Plans for a free-standing multicultural building are underway as part of the 10-point plan for diversity, equity and inclusion presented to Michigan State President Samuel L. Stanley Jr. last semester.
The main purpose of the multicultural building is to create a sense of belonging among students and faculty from all backgrounds, said Paulette Granberry Russell, senior advisor to the president for diversity and director of the Office for Inclusion and Intercultural Initiatives. Russell is also chairperson of the multicultural center initiative.
Russell, a former MSU Title IX coordinator, is also a key witness in the trial of ex-MSU President Lou Anna K. Simon, who is charged with lying to police about knowledge of Larry Nassar’s sexual abuse.
“If you think back, in terms of the demands from students, it has much to do with creating a sense of support and a sense of belonging in an institution that is a predominantly white institution,” Russell said. “In terms of creating a sense of community for individuals based on a range of social identities, including race and gender.”
Mathematics senior Miracle Chatman, who is one of the student representatives on the multicultural center feasibility study committee, said MSU’s recent history of racist displays is one reason why a multicultural building is needed.
“I don’t think we only need a building,” Chatman said. “It’s the programming that goes into the building that’s really going to shift the campus climate. ... There have been hundreds of racist incidents that have happened on campus for the past however many years and we really need to do something that’ll be pivotal towards the change on campus.”
Chatman said she believes the building could possibly address poor retention rates and graduation rates of marginalized students.
“This building will convey a sense of belonging,” Chatman said. “It’ll create a place for people who are marginalized or people from minority communities can come and gather and feel like they belong.”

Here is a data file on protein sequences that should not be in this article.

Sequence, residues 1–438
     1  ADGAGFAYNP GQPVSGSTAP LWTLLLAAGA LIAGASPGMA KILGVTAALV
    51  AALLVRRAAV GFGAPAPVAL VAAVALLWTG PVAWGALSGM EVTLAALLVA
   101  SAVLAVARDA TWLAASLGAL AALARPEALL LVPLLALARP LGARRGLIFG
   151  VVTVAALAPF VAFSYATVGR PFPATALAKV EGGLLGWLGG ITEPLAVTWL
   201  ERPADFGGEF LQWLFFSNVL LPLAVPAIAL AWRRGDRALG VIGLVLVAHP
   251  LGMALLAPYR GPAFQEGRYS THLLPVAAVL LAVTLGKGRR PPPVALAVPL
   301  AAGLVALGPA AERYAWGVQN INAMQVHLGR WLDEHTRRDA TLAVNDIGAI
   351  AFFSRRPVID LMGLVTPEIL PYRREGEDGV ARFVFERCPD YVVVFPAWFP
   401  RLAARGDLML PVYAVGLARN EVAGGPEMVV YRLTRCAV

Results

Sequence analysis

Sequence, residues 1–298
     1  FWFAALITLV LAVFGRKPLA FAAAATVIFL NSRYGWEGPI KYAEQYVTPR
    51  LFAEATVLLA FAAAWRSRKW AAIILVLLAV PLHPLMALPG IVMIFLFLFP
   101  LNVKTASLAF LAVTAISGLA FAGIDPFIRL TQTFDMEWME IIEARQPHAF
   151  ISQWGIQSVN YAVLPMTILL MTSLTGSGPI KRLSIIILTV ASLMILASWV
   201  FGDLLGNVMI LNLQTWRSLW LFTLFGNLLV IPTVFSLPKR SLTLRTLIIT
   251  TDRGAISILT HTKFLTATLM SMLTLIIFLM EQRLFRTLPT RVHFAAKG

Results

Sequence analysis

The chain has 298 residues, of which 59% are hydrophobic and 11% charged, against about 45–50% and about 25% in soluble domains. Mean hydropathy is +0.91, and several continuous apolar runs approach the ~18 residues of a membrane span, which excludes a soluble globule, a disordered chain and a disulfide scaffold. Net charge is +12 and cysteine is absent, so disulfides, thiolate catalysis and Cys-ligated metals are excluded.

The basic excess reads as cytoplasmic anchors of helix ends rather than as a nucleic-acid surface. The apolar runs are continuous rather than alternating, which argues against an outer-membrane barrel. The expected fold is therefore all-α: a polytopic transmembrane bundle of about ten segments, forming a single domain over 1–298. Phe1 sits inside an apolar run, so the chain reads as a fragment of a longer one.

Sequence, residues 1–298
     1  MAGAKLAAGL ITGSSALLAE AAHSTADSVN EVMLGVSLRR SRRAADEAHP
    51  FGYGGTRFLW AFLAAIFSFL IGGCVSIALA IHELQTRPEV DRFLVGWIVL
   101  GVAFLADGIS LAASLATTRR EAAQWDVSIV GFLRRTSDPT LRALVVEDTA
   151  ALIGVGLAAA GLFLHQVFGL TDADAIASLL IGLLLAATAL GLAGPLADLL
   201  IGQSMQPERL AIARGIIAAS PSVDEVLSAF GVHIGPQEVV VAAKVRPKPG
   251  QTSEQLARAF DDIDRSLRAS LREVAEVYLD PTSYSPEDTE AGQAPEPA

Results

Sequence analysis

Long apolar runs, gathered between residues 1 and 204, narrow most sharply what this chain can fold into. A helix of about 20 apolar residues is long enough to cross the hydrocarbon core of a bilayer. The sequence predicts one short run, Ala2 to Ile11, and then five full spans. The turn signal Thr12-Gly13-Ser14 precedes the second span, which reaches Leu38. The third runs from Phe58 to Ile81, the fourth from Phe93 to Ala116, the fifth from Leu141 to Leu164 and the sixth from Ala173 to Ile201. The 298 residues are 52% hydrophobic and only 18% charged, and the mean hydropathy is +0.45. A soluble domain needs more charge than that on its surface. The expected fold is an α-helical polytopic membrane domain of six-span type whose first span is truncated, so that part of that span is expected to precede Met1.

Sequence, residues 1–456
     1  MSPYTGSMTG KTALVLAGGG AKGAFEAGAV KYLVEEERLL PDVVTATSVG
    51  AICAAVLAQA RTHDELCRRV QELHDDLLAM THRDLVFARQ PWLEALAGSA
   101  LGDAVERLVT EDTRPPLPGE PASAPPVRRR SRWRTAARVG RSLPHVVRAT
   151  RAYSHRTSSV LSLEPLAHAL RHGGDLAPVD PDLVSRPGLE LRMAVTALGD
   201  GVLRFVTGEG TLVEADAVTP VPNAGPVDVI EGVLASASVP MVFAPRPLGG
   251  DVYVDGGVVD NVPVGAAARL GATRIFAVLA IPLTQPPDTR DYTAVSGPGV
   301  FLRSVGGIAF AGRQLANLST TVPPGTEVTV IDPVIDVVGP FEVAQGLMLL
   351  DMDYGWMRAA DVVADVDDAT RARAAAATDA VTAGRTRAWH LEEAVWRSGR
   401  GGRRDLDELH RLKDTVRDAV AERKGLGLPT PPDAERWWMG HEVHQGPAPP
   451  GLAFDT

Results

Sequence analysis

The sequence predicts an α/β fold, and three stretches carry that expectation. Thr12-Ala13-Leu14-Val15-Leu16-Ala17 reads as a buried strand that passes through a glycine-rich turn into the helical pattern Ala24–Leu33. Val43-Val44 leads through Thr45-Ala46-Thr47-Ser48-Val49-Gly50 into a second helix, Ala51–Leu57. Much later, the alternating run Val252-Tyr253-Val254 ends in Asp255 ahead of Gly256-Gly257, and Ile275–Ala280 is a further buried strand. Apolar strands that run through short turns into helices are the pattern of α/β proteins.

Currently, the planning committee is working on finding entities to conduct a feasibility study to determine where a multicultural building could be housed at MSU. The planning committee will interview those entities and choose one to complete the study.
The next steps include deciding what programming will be available at the multicultural center as well as determining what sites are available and whether the multicultural building will be a stand-alone building or an addition to an existing building, Russell said.
Chatman said the feasibility study is expected to be completed by October.
Some students are pushing for a stand-alone building in the central part of campus.
“We want something that can be accessible, something that each student can get to,” Chatman said. “We want something that’s on a couple bus routes. We want something central.”
Russell said previous multicultural centers have been inadequate in meeting the needs of minority students.
“I think it goes back to the issues that the students themselves have articulated in support of the center, which includes ... space for hosting programming, activities,” Russell said. “It could include courses, it could include social gathering space, it could be academic space that will support — at least from the perspective of students of color — what’s essential for them to be successful at Michigan State University.”
The multicultural building will benefit all students, regardless of background, because it’ll be a place that teaches students about other cultures, Chatman said.
“I think that the lack of education on this campus ... that’s a big issue,” Chatman said. “That results in a lot of these racially-biased incidents. This building will definitely help every single student on campus if you need to come and learn. Even for me, as a minority student, I could go to this building and learn about other communities, not just my own.”
Russell said this building finally has the support needed to go from conversation to an actual project.
“To the extent that you have all of these various interests, as well as faculty and staff and others across the campus community have acknowledged that having a space such as this can benefit the campus overall,” Russell said. “I think at this point of our evolution at Michigan State, we’re not the first campus to ever entertain a center or a building that is dedicated to supporting diversity at MSU.”